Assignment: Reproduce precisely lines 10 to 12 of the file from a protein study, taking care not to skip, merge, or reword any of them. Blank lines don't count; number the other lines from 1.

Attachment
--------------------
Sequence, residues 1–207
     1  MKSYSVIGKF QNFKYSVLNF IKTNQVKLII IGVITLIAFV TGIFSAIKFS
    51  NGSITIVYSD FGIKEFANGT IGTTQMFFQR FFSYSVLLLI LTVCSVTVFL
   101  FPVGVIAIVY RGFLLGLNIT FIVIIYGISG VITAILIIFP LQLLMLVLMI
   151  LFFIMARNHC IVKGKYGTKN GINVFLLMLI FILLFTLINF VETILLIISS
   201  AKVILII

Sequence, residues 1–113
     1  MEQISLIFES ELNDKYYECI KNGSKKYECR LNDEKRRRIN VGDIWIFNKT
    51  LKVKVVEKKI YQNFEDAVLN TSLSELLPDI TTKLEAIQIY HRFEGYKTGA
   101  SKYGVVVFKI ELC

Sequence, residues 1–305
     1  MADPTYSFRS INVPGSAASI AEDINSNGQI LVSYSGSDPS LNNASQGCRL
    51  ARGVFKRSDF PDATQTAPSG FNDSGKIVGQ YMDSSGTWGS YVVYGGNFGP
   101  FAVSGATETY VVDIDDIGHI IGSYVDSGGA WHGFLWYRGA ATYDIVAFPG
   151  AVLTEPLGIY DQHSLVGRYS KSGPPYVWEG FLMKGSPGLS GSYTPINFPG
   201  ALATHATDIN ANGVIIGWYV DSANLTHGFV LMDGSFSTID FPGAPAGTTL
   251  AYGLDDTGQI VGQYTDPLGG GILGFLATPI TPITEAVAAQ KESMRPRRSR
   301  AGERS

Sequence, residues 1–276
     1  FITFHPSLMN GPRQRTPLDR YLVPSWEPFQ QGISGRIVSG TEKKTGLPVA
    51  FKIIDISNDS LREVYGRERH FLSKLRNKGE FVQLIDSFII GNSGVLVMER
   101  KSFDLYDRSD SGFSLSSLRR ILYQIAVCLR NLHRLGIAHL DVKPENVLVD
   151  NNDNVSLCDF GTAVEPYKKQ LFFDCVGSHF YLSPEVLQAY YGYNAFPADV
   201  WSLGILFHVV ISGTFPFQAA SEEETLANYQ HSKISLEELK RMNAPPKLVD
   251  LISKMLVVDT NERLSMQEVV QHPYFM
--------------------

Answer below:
   101  SKYGVVVFKI ELC

Sequence, residues 1–305
     1  MADPTYSFRS INVPGSAASI AEDINSNGQI LVSYSGSDPS LNNASQGCRL